Raging Measles Outbreak In Europe Tied To Anti-Vaccination Movement
Measles cases are on the rise in Europe due to the fact that, despite all the evidence to the contrary, people still believe the lies of the anti-vaccination movement.
Once on a course toward being essentially eliminated in the developed world, the Measles virus is making a comeback thanks to the paranoia of the anti-vaccine movement, with the latest warning signs coming from Europe:
A raging measles outbreak in Europe may be a warning sign of what could occur in the U.S. if something doesn’t change soon, experts say.
So far this year, there have been 41,000 cases in Europe and 40 deaths, according to the World Health Organization. The European experience may offer a window on how quickly things can go awry when parents choose not to vaccinate their children, doctors caution.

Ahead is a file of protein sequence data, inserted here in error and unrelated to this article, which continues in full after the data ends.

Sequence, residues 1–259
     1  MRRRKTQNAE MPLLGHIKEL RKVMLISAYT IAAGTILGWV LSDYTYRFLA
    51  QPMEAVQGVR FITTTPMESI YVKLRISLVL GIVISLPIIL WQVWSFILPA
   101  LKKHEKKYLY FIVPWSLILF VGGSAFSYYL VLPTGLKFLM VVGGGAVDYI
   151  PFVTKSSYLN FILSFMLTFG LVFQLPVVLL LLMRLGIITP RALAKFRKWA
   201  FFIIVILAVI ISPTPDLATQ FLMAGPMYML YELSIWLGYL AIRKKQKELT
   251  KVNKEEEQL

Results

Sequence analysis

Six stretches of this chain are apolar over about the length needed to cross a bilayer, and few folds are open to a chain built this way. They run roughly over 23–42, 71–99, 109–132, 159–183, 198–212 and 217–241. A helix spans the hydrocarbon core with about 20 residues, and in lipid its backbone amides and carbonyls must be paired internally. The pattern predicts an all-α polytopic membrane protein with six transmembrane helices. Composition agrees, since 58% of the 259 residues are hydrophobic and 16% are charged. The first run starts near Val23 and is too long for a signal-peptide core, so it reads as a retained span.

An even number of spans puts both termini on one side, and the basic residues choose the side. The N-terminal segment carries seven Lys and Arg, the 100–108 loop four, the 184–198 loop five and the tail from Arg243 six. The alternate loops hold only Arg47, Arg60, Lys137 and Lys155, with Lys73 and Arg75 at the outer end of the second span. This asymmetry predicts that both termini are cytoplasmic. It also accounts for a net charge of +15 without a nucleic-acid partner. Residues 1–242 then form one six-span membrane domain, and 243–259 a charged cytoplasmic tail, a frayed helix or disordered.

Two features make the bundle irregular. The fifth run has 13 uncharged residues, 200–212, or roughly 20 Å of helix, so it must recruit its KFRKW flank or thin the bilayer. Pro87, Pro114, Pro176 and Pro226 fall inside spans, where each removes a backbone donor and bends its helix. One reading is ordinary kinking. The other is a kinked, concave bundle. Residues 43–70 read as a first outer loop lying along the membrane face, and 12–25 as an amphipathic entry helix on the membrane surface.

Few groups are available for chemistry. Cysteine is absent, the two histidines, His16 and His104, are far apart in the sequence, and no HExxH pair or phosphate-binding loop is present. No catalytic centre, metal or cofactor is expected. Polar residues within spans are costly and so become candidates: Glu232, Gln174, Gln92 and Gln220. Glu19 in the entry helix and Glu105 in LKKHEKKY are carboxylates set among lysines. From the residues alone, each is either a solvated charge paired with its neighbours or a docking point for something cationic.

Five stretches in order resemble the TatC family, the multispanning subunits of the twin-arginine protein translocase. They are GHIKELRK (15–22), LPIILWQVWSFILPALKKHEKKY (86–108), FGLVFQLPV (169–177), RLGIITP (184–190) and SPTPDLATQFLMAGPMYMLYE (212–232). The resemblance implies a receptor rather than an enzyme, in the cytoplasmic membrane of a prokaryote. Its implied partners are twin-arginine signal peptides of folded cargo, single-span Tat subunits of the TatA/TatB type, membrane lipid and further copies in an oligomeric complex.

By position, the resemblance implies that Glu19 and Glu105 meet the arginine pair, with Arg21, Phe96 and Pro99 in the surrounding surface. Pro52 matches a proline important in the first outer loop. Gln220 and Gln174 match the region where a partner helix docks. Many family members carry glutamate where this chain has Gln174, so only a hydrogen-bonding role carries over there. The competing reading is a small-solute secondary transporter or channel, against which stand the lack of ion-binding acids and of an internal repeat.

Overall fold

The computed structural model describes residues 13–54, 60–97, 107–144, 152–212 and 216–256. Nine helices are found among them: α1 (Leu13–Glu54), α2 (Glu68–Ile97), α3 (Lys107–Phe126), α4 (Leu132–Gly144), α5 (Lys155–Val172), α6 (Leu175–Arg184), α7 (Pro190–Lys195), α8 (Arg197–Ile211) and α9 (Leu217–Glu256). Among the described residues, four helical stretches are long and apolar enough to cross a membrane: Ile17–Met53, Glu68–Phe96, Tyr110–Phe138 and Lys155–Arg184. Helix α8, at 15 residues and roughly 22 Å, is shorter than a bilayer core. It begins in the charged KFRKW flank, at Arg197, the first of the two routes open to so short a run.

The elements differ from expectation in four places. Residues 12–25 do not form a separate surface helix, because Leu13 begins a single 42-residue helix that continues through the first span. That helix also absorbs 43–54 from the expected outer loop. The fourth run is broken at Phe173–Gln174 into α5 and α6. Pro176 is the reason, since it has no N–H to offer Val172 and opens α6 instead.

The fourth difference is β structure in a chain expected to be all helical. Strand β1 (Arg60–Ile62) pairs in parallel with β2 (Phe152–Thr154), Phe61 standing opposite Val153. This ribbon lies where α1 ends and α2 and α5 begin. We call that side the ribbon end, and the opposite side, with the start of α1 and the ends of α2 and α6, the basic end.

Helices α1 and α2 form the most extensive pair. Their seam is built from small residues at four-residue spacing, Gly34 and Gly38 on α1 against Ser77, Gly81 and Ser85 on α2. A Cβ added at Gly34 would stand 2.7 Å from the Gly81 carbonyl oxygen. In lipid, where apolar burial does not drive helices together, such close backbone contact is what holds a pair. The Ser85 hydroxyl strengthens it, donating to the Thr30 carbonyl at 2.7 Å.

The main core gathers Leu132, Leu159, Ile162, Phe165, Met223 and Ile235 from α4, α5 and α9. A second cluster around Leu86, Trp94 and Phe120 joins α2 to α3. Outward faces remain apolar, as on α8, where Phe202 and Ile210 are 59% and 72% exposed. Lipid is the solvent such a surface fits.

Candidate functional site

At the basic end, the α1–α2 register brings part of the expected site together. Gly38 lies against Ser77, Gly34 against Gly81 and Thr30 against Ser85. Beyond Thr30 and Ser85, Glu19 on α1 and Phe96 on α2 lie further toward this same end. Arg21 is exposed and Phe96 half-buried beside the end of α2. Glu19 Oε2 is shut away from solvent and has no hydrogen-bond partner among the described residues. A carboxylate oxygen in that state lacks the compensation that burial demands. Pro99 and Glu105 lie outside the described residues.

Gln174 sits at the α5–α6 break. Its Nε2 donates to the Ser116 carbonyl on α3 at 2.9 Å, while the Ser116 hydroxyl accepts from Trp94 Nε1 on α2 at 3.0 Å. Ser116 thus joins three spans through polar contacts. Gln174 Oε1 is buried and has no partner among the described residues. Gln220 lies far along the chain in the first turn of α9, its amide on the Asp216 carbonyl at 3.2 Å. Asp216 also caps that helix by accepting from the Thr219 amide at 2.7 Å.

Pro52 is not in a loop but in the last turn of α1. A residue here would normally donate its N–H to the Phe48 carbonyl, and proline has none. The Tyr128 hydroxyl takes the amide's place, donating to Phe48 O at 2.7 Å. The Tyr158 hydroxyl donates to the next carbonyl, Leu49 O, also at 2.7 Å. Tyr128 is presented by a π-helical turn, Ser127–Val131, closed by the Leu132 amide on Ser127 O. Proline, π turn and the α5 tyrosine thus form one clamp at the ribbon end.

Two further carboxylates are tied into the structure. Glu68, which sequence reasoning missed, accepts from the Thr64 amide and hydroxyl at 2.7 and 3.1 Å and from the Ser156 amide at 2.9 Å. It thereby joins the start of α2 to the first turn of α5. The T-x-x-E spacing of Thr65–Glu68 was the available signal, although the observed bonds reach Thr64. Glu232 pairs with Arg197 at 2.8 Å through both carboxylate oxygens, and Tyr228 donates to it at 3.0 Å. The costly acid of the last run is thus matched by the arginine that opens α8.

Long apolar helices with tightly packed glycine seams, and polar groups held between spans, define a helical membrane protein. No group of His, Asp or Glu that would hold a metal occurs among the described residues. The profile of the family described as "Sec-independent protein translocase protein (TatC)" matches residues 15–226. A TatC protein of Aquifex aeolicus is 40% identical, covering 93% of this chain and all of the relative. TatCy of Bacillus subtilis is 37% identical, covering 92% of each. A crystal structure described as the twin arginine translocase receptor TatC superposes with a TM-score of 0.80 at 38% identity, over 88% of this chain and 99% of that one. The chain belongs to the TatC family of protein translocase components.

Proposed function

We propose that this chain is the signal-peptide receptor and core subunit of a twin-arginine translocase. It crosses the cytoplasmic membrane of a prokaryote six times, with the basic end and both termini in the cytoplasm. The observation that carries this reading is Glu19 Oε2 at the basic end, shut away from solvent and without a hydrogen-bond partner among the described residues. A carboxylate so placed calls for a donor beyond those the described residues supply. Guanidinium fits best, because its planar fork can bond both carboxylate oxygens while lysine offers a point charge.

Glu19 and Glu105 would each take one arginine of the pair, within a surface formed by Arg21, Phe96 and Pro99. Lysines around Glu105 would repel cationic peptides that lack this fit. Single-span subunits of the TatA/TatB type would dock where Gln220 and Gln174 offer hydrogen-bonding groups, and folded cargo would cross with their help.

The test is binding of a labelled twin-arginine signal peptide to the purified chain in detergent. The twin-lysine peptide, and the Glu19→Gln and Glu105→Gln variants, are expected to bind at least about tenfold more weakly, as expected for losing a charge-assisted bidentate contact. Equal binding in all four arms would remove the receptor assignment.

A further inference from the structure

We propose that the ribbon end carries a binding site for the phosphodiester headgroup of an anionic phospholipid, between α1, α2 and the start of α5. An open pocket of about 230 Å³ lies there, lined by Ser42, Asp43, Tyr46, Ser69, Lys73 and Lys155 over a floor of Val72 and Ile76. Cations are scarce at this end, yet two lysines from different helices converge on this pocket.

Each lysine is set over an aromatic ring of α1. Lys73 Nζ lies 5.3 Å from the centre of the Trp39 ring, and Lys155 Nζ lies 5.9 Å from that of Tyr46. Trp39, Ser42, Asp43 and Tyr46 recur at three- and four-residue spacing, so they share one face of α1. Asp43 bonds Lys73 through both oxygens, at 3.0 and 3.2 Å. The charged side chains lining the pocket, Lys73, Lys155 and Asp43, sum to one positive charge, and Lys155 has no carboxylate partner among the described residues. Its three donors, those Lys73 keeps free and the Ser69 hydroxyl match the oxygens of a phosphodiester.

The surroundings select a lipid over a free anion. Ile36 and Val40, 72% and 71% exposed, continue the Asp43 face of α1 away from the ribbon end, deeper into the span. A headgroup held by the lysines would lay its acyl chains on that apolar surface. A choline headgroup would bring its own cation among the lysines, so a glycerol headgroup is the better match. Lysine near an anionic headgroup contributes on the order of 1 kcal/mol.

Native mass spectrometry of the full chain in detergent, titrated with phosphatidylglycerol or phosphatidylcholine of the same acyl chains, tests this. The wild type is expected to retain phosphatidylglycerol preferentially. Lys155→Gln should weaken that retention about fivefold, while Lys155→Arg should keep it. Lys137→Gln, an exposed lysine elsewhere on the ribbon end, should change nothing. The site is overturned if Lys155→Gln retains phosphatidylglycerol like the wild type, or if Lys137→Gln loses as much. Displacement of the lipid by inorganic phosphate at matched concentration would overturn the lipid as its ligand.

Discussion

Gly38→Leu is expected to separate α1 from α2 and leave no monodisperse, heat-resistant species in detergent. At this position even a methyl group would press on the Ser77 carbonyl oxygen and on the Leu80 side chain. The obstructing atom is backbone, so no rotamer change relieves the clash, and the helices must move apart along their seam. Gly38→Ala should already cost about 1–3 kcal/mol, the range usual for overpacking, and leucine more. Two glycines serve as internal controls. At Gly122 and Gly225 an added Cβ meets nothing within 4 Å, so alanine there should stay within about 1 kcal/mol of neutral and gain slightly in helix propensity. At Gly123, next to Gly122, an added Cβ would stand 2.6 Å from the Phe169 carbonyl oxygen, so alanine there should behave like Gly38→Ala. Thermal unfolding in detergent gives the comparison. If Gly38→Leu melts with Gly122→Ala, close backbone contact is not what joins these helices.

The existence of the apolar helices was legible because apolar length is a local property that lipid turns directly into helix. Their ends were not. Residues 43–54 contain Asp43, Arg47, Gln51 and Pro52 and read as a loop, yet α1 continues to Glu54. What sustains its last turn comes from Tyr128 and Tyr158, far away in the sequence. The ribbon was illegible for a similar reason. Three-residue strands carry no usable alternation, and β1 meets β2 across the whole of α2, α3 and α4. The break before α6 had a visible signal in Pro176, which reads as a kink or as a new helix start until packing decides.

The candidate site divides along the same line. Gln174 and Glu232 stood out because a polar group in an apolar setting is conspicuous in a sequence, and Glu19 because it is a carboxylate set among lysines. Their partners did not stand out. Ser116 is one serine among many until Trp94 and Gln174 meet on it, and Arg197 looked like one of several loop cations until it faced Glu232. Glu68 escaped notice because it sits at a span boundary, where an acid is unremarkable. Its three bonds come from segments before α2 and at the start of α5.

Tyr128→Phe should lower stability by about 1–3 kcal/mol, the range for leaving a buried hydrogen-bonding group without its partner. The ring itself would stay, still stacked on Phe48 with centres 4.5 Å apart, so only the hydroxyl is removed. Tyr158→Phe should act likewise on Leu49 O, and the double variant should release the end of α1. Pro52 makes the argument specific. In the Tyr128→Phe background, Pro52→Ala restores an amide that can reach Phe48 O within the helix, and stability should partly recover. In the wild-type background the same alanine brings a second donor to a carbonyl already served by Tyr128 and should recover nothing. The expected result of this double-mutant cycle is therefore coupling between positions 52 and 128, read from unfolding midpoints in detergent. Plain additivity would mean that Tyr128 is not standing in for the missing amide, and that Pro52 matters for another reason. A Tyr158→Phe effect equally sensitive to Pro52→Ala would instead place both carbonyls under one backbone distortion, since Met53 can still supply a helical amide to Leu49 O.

Because measles is relatively rare in the U.S., many Americans have no idea of the disease’s frightening impact and its stunning contagiousness.
Many forget that measles isn’t just a childhood disease.
Silvia Rosetti, who lives in Rome, still has nightmares about contracting measles when she was 32 weeks pregnant in 2017. When Rosetti, now 41, was a child, measles vaccines were not required and she didn’t think about the risk of exposure when she first became pregnant. She was healthy and ecstatic at the thought of having her first child. But then she caught measles and the symptoms came on in a rush: fever, cough and congestion so bad she could barely breathe.